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The Three Gorges on the 10-yuan note
Latest Updated by 2006-09-11 11:56:51

The Three Gorges region is one of the most breathtaking stretches along the Yangtze River in Central China, with some of its antiquities doomed to be obliterated with the completion of the Three Gorges Dam in 2009.

With a total length of approximately 200 kilometers, it is a historical and cultural region with centuries-old places of interest. Although more than 300 sites of above-ground cultural antiquities and some 37 of the country's most famous archaeological and tourist sites -- including Qu Yuan Temple, Zhang Fei Temple and Longmen Gorge -- will be submerged after the Three Gorges Dam is completed, most of the Three Gorges' natural beauty will remain.

Stretching from White Emperor City in Fengjie, Chongqing Municipality, to Nanjin Pass in Yichang, Hubei Province, the three gorges are Qutang Gorge with a majestic view for 8 kilometers, the deep and quiet canyon Wu Gorge, extending 45 kilometers, and Xiling Gorge , with dangerous currents and shoals for 66 kilometers.

Even with a higher water level, the three gorges will remain dramatic.

Qutang Gorge is considered the most dramatic by many visitors. This is the gorge pictured on the 10-yuan bank note. The river winds through the gorge's sheer, steep cliffs where the Meng Liang staircase from the Song Dynasty (960-1279) can be seen.

Wu Gorge is home to the famous 12 peaks of the Wushan Mountains.

Banks along Xiling Gorge are covered with orange orchards. Along this gorge sit many archeological sites, including Huangling Temple, first built during the Han Dynasty (206 B.C.-A.D. 220).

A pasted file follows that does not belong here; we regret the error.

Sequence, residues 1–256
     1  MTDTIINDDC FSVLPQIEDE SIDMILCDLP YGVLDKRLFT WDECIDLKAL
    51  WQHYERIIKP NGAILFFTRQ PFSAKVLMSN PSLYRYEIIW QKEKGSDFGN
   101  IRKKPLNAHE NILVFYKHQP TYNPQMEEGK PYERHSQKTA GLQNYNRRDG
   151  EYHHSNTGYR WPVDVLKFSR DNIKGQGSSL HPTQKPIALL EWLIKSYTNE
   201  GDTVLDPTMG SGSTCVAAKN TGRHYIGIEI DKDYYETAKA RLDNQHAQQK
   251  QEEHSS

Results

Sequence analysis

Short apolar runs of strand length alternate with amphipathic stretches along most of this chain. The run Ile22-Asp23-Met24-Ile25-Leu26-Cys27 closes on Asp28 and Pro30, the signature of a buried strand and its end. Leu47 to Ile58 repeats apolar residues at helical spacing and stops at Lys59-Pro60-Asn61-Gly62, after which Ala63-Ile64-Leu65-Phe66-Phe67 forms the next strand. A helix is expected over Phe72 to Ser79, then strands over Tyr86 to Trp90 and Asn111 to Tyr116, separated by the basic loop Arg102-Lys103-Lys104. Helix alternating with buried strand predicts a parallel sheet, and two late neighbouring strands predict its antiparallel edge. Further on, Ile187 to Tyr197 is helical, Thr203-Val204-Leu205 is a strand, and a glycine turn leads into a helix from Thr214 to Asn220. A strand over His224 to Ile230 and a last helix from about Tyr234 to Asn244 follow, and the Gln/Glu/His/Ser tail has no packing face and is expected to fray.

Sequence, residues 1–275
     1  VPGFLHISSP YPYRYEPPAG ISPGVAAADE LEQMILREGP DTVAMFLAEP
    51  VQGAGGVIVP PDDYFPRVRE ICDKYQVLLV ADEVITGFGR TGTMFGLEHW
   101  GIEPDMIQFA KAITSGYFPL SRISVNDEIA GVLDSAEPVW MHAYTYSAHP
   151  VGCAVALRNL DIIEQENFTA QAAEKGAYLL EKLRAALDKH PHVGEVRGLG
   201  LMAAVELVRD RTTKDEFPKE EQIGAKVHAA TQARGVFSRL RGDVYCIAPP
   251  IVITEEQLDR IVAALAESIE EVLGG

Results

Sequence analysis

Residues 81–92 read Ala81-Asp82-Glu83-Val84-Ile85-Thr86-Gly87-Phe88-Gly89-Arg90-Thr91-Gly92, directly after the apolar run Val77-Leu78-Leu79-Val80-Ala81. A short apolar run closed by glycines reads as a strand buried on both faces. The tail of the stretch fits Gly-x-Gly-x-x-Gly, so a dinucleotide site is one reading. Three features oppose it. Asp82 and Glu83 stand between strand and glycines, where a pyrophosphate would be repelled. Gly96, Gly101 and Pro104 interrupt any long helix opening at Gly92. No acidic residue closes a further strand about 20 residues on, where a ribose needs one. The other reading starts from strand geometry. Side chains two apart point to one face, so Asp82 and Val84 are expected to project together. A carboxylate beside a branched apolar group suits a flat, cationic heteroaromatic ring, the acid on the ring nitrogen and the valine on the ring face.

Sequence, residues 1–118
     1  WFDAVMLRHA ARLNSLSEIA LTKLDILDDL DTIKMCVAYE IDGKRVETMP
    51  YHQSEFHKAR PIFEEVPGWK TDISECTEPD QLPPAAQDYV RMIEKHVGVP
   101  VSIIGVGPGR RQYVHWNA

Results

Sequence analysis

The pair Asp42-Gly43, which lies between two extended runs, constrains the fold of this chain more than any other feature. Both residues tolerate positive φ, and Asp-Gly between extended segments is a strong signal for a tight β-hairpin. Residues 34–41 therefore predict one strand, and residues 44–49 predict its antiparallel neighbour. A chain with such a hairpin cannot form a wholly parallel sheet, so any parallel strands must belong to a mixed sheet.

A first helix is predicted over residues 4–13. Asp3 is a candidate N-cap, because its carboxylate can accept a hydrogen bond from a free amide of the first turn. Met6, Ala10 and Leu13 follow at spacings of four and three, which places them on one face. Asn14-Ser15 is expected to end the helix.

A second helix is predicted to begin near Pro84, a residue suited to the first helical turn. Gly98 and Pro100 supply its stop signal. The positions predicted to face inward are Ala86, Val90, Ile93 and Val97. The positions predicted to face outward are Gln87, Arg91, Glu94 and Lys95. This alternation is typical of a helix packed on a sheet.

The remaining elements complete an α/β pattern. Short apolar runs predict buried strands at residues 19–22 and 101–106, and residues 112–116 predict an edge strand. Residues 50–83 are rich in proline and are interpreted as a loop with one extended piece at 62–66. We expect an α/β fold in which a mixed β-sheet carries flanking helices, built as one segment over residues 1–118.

Because of the special topography of the Three Gorges, the momentum of the water is pent up in the narrow valleys and released abruptly in the gorges. In those bottlenecks, water rushes down swiftly and wildly, like an angry beast. The best way to tour the gorges is on a three to five day cruise.

You get to see the grotesquely shaped rock formations and magnificent mountains along the river and the rolling water along with the poems of ancient scholars inscribed in giant characters on the rocks.

Numerous companies run boats on the Yangtze River. Agents by the score book tours, which vary not only in price and quality of service but itinerary. Yes, this is one river, but the options include far more than the Three Gorges. Find out the itinerary in advance and the level of comfort of the tour.

Most boats cruise from Chong-qing to Wuhan, capital of Hubei Province, for the best scenery. Some tours continue all the way to Shanghai; but this is really only for Yangtze devotees. It's a full week cruise on mostly flat water with few dramatic views beyond Wuhan.

Actually, the scenery is unimpressive past the dam in Sandouping Township in Yichang, Hubei. Some boats end the trip in Yichang -- a shock to those with onward arrangements from Wuhan. Double-check where you go and where the trip ends. Those angling to see Little Three Gorges must make sure they're included.

Beware of hidden costs. Bargain boats, in particular, are notorious for levying hefty charges at stops where surprised passengers have no alternative but to pay.

Booking dockside (one to two days in advance) or via local agents often yields significant discounts.

Major cruises in Chongqing cost from 3,200 to 4,000 yuan (US$400 to 500) on the best boats, which include Regal, Victoria, President and the King/Queen lines.

High season runs from April through May then September through October, when boats are often full. In summer and winter, mist, rain and flood waters curtail cruising.

The newly built 185-meter-high Three Gorges Dam in Sandouping, Yichang, is another major attraction. Construction began in 1994. Once completed, the Three Gorges Dam will be the largest hydroelectric dam in the world. It is expected to house 26 generating units on both banks of the river. The project will generate 84.7 billion kilowatts of electricity annually.

The reservoir began filling in June 2003. About US$37.5 million has been earmarked for the rescue of archaeological sites threatened by the dam's construction, according to Chinese media's reports. Some of them will be removed or rebuilt, some will have to be duplicated and some will be placed in museums.

Xinhua news agency reported in May that some 100,000 tourists visited the Three Gorges during this year's week-long May Day golden week holiday.

Editor: Donald

By: Source: Szdaily web edition
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